skypephone… after a few days

I wrote on Monday about the skypephone about what I learnt at the launch event.

Now that I’ve had a chance to play with it for a few days and make a few calls, I thought I’d add just a few of the thoughts I’ve had since then.

The good

Pricing – Kevin Tofel explained it well when talking about the Palm Centro when he said that

“Value is starting to show up as a ‘feature’ more and more in mobile devices.”.

Like the Centro, the skypephone takes something that you could only really do on expensive and complex high-end smartphones, makes some small improvements and makes it available on a phone that costs about £50.

Status in your contacts – I love this. I’ve given the second of the two skypephones I’m borrowing to my wife. She has been on a work residential thing this week – I know that she will be busy and don’t want to ring while she’s in a meeting or out for a meal.

With the skypephone, you can leave your phone on but set your status to ‘Away’, ‘Busy’, ‘Do not disturb’ etc. and this shows up next to your name in other people’s skypephone contact list. This means I can see if it’s a good time to ring her before I call. I really like this. I can’t explain why – as I guess you could just switch off your phone (leaving voicemail to tell people if it wasn’t a good time to call). But it’s the same as saying “Why have a ‘Busy’ status in IM? Why not just logoff?”. This just feels neater.

Actually, it’d be even better if you could set a Buddy Pounce-type alert – to be notified when someone is back on ‘Available’ again without having to keep glancing at your phone’s contact book.

Task SwitcherTask Switcher – Press the dedicated switcher button on the side, and a window pops up letting you choose between your open apps. It’s basically like the Alt-Tab that you get in Windows.

I loved this so much that I went searching for something similar for Windows Mobile, and ended up buying a copy of TaskSwitcher – mapping my phone’s camera button to it instead.

(Incidentally, if you have a Windows Mobile phone, I can recommend TaskSwitcher – very simple, very effective, and only about £2.50).

Developers Kit – I forgot to mention this in Monday’s post, which is a shame as I spoke to one of the techies at the event about it. But anyway – the OS running on the skypephone is BREW. I’m not familiar with it, but it does have a developers kit and you can write apps for it. I’m gonna have to give this a try before I give these phones back 🙂

It looks like the app support is Java-based. Not ideal but not too bad. It does look like you are a bit sandboxed – I think you have to add your app to the list of downloaded apps, next to the others that you might buy like PacMan and Tetris. But it’s better than nothing. (And this isn’t a smartphone… the SDK is probably not a fair thing to judge a cheap/free candy-bar-style feature phone on!)

The not so good

Off-and-on? – The phone seems to reboot itself for no reason every now and then. It’s happened at least once every day – on both of the skypephones we’re borrowing. I wouldn’t notice if it wasn’t for that fact that it plays a short few notes to announce it’s booting up, even while it was sat untouched and almost fully charged on my desk! To be fair, they did warn us that these are pre-release handsets, so hopefully this isn’t something that will remain in the retail version.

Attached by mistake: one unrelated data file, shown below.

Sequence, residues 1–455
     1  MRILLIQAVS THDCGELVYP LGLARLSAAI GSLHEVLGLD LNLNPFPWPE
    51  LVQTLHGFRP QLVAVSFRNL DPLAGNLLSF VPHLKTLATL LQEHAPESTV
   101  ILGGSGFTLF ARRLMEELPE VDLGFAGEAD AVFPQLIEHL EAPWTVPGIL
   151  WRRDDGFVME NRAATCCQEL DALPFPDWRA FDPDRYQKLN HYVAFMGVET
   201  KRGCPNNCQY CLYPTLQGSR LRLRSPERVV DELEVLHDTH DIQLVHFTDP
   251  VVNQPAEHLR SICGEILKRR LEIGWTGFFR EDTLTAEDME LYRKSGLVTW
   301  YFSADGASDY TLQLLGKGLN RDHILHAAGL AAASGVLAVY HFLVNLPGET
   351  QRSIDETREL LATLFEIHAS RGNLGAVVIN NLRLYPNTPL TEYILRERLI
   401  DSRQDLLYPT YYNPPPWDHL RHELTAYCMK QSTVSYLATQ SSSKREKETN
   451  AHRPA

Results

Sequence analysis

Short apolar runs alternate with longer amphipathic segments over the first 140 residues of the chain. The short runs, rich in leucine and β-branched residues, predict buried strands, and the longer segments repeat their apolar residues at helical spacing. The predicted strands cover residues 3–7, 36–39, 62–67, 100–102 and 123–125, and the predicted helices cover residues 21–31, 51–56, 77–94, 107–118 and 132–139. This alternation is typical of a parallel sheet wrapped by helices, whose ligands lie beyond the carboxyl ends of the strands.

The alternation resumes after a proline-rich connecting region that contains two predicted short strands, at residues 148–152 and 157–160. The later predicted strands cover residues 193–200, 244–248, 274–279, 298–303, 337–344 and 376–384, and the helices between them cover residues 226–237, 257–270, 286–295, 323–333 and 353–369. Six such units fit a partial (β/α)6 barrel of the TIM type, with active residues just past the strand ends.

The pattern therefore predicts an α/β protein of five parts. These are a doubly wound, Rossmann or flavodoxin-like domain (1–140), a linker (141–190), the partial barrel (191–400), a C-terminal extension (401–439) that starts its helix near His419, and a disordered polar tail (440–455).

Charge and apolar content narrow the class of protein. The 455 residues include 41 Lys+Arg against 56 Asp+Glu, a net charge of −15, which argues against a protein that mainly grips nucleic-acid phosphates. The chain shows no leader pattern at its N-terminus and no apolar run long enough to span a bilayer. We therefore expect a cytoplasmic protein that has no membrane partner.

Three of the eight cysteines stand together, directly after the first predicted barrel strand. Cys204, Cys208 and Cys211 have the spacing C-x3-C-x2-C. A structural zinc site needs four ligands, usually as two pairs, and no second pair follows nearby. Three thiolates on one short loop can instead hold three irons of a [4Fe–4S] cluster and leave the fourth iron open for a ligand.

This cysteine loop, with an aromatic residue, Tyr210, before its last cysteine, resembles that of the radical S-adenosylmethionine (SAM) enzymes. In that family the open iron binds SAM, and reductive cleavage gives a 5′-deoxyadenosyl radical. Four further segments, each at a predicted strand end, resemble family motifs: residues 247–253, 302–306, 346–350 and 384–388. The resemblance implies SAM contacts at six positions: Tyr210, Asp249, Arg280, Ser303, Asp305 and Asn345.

Delays – I haven’t used skype very much, so I don’t have much VOIP experience to compare this with. Is there normally a longer timedelay during VOIP calls than regular ones? Perhaps I just need to get used to it, but conversations we’ve had from skypephone to skypephone have a noticeable delay – you end up pausing after everything you say to wait a second for them to hear it, say something, and a second for you to start hearing the reply.

I dunno – I need to test it out better, but first impressions are that there is a lag. That said, I didn’t notice any delays at all on my call with Roo on his laptop… I need to try making more skypephone to PC calls to compare and see if there is another explanation.

The social… needs people – With all social-networking apps and websites, one of the key things for whether it will be useful to you is whether your friends are on it. Pownce has some great features, but I’ve given up on it because I know more people on twitter. Friends that I’ve tried to sign up on twitter have liked the idea but ultimately dropped it because I was the only person they knew on it.

A phone is about as social a tool as you can get, so shares the same problems. If you could convince all your friends to get one of these, it’d be fantastic. Unlimited free calls between you all. Unlimited free threaded IM-style text message between you all. A contact list that shows the status for all your friends – see who is available at a glance. For £10 a month (I think that was the minimum top-up on the prepay version of the skypephone), with a big enough group of people, that could be truly fantastic. But without it… it’s kinda less fun. In the same way as twittering by yourself feels a little pointless, having a skypephone with no skype buddies to call does spoil the fun a little.

It’s not fair – but it’s not enough for something new to just be an impressive service. I preferred the features of Pownce, but I don’t use it. In the same way, when my trial with these phones ends in a few months, whether or not I buy one will hinge almost entirely on whether my skype buddy list has grown by then.

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One Response to “skypephone… after a few days”

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